Subject 6, a 34-year-old man, reported numerous instances of hallucinations that occurred when he would listen to the Mozart Requiem. In the first report, while listening to the music, he saw “the outline of a skull–it actually seemed to be turning and looking at me–sort of facing head-down and then face-down and then turning face-up–it seemed like it appeared in front of my eye.” On a second occasion, again while listening to the Requiem, he reported another instance of hallucinosis: “it was kind of a little scary and I also saw the outline of someone wearing some sort of ceremonial mask–it was fairly detailed. I could tell that there was some sort of headdress–and the person seemed to have their face upturned and their mouth open. It was kind of brief—maybe two to three seconds or so.” On a third occasion, he reported, “I was listening to the Requiem again and I had an image of an older woman with a very wrinkled face. Her look was somewhat menacing, but what was interesting (she had white hair)–was that she was facing me. She seemed to be sitting in an airplane seat. But around her eyes she had a red eye shield similar to those that are used by people to keep out UV rays. And then the scene changed from a woman’s face to a mouse-like face, not necessarily smaller but with the features of a mouse, the eyes and the nose and the mouth.” In addition to the hallucinations that occurred while listening to the Requiem, he also experienced several “strobe-like images,” which began on day four and reappeared several times on day five before the blindfold was removed. On one occasion he reported, “I saw on the bridge of my nose there was this strobe-like image going up my nose bridge and disappearing and coming back.” Another time he reported, “I saw a barrage of these images—these strobe-like images. They lasted for 10 to 15 seconds. Earlier in the afternoon, I saw the outline of my eyes. That was fairly clear; they were fairly oval.”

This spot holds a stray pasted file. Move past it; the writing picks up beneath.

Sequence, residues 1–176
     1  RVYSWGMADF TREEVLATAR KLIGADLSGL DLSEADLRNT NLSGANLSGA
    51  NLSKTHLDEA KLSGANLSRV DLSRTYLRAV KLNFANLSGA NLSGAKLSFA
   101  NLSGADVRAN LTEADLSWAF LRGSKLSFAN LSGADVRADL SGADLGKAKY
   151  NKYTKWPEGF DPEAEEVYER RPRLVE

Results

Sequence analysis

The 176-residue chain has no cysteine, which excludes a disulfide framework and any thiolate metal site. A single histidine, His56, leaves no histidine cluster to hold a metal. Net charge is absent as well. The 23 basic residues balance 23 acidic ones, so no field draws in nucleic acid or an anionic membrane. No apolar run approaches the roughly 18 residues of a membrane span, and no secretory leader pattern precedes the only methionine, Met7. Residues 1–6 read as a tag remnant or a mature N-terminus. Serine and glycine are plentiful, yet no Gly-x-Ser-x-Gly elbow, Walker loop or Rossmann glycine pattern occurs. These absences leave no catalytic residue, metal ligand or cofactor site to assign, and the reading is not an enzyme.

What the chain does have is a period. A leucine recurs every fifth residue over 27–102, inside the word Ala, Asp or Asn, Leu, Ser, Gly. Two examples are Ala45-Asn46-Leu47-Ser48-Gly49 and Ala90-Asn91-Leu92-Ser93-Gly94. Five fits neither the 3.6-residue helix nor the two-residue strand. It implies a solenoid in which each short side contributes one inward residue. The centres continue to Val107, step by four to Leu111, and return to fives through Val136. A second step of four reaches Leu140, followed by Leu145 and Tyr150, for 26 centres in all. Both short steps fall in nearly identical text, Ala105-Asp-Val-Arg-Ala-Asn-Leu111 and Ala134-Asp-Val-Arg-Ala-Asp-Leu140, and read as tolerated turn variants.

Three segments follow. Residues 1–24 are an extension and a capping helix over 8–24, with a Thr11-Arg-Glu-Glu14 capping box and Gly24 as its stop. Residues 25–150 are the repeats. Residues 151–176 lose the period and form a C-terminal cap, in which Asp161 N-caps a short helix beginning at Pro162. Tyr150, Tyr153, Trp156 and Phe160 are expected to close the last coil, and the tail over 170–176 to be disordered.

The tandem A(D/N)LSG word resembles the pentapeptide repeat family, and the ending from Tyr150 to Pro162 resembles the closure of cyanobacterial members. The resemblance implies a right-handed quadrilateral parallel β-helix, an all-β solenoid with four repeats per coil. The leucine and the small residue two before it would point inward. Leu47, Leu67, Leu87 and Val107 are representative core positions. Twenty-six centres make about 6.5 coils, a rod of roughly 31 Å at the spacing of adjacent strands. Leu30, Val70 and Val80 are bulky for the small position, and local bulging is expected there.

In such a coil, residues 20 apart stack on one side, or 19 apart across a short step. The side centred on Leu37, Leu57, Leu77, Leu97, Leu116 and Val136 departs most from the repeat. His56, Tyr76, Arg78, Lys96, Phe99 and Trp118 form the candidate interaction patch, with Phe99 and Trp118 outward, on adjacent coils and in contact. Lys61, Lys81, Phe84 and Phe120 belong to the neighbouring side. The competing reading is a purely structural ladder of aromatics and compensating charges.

Subject 7, a 20-ear old woman, reported simple visual hallucinations occurring on the fourth day of blindfolding. While listening to television, she would report the presence of flashing lights “as if there were two strobe lights each at the extreme of my peripheral vision. So I can just see the flashing at the corners of my eye. It is really rather annoying, that is all.” She did not report any well formed visual hallucinations throughout the blindfolding period. But by the second day, she reported that her imagination skills “were vastly improving” and that she was able “to feel where things are.”